The JFK Conspiracy Theorist
Robert Huber | Philadelphia Magazine | February 2014
THREE YEARS AGO, Vince Salandria got a phone call from Arlen Specter, a man he didn’t know. Salandria had been in the Senator’s company only once before, but that was almost a half-century earlier, at a public event. When he called, Specter wasn’t running for anything—he had recently been voted out of office. All he had was a simple request of Salandria, who was 83 years old, a retired Philadelphia school-system lawyer: Would you have lunch with me? They eventually met at the Oyster House, on Sansom Street in Philadelphia. The lunch would turn out to be one of strangest meetings of Salandria’s life.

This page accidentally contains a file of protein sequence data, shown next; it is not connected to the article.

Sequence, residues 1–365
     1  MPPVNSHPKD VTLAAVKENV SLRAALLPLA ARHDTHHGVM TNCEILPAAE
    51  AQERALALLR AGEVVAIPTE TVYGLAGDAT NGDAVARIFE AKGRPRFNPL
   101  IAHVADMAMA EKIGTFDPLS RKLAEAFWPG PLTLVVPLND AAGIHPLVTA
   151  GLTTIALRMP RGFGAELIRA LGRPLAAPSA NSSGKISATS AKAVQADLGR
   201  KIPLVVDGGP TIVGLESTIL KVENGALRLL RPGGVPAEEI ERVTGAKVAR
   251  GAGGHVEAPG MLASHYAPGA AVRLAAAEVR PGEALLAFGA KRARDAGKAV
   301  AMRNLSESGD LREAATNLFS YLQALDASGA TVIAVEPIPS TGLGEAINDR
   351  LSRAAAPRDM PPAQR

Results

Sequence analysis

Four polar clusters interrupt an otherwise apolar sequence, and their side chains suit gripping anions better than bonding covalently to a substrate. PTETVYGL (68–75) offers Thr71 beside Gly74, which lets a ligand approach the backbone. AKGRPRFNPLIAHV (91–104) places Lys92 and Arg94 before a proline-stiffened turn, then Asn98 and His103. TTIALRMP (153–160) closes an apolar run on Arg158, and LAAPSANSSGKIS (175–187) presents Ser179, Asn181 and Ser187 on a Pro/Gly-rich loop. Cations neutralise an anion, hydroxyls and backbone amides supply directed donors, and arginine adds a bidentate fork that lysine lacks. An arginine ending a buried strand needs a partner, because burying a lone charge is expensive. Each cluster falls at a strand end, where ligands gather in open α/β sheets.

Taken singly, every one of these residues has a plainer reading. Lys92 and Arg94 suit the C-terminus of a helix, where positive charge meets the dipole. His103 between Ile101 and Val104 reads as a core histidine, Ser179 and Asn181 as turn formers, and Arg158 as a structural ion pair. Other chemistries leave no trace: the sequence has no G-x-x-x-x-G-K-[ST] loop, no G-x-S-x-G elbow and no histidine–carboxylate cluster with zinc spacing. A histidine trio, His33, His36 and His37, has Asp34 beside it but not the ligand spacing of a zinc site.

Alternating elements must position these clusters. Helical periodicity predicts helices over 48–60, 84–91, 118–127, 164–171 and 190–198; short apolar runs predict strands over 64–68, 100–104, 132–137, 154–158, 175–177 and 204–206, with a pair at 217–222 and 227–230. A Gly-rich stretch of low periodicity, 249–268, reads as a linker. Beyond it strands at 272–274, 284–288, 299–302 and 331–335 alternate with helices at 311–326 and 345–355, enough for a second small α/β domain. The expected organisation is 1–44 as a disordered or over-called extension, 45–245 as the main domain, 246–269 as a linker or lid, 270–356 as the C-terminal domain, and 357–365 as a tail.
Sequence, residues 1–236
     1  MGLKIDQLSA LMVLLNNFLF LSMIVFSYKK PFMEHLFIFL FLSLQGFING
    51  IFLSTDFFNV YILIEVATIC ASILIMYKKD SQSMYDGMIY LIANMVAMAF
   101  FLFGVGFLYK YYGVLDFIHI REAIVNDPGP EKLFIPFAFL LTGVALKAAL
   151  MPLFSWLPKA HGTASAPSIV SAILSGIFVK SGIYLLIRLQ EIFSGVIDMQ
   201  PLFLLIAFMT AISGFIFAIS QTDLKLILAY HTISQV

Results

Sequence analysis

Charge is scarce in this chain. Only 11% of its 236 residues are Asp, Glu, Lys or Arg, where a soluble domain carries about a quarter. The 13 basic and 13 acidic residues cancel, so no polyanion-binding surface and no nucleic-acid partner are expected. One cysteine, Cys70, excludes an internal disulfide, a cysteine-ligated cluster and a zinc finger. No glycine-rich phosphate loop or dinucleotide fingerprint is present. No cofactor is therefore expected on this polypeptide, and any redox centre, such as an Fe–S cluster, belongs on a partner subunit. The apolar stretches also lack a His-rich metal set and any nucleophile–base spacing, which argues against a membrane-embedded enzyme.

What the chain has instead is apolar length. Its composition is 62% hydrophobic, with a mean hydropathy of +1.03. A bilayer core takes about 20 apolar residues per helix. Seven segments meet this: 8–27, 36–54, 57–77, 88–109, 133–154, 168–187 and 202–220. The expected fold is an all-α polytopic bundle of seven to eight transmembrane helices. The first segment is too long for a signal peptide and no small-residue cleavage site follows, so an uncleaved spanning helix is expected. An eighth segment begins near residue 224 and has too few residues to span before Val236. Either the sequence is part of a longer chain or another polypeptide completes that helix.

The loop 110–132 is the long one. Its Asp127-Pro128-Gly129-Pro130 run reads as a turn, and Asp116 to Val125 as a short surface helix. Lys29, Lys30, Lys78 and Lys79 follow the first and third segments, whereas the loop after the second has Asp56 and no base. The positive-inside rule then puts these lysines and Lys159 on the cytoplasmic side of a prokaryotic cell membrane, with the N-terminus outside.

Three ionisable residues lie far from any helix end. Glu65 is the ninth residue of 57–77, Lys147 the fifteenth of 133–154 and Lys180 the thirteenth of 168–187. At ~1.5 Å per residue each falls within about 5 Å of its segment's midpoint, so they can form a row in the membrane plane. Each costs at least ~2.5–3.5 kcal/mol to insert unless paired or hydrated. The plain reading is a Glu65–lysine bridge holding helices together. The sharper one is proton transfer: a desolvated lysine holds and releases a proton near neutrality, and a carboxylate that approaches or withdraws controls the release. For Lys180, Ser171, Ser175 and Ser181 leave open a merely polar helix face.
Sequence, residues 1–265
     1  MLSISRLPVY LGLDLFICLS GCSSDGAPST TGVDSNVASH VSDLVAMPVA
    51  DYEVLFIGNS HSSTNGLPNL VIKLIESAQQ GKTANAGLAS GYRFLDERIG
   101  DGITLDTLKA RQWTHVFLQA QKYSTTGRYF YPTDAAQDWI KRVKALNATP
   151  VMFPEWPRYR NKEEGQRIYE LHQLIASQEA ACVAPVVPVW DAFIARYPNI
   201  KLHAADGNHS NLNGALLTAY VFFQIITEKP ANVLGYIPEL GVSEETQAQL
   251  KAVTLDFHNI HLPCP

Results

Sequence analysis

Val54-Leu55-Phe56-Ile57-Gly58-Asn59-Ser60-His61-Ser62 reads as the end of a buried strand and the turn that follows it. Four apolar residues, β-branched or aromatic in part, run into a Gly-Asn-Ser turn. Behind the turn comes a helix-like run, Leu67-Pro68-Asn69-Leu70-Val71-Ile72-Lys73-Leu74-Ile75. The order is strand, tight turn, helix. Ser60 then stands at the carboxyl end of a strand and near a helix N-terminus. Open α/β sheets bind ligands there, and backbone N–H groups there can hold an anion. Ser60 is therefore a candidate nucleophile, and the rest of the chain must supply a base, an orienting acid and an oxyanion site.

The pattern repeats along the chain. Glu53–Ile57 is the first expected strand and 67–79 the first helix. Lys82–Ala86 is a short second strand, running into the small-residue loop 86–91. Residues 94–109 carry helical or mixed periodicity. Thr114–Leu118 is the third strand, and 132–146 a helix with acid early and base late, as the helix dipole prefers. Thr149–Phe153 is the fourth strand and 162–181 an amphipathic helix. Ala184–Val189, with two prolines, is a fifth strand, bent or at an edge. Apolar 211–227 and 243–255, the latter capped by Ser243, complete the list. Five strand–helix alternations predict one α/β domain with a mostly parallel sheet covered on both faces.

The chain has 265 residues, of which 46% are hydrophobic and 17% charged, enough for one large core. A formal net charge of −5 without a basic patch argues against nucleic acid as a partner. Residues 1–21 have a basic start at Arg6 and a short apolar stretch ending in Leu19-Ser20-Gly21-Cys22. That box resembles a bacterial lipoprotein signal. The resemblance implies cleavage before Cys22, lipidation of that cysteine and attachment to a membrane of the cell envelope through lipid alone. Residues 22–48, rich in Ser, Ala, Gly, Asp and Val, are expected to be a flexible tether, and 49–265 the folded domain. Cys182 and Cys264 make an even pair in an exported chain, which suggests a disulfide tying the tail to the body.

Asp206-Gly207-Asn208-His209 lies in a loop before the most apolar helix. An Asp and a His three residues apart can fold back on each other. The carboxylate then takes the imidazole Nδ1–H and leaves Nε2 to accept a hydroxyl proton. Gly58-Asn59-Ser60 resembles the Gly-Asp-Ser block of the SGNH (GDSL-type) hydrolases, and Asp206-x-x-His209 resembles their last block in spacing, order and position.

Vince is a man of high energy; he’s still doing pro bono lawyering in labor relations for the city’s schools. He’s small—all of 137 pounds—with a large balding head that narrows toward his jaw. He has an impish smile, and it would be easy to call him cute. But he isn’t, by nature, impish or cute—Vince is intense. And that was especially true when, as a young man, he attended an event held in Arlen Specter’s honor.
In October 1964, the Philadelphia Bar Association invited Specter, then a young prosecutor in the D.A.’s office, to speak about his work as an investigator for the Warren Commission, which had been formed to come up with a definitive answer to who assassinated President John F. Kennedy. Specter was assigned to figure out the basic logistics of the shooting: how many shots, how many gunmen, where did the bullets come from? The commission’s report had just come out, declaring Lee Harvey Oswald the lone killer, and the bar association had Specter address about 150 people one evening in a City Hall courtroom.
Afterward, he asked if there were any questions.
Writer bio: Robert Huber is a writer and editor for Philadelphia Magazine.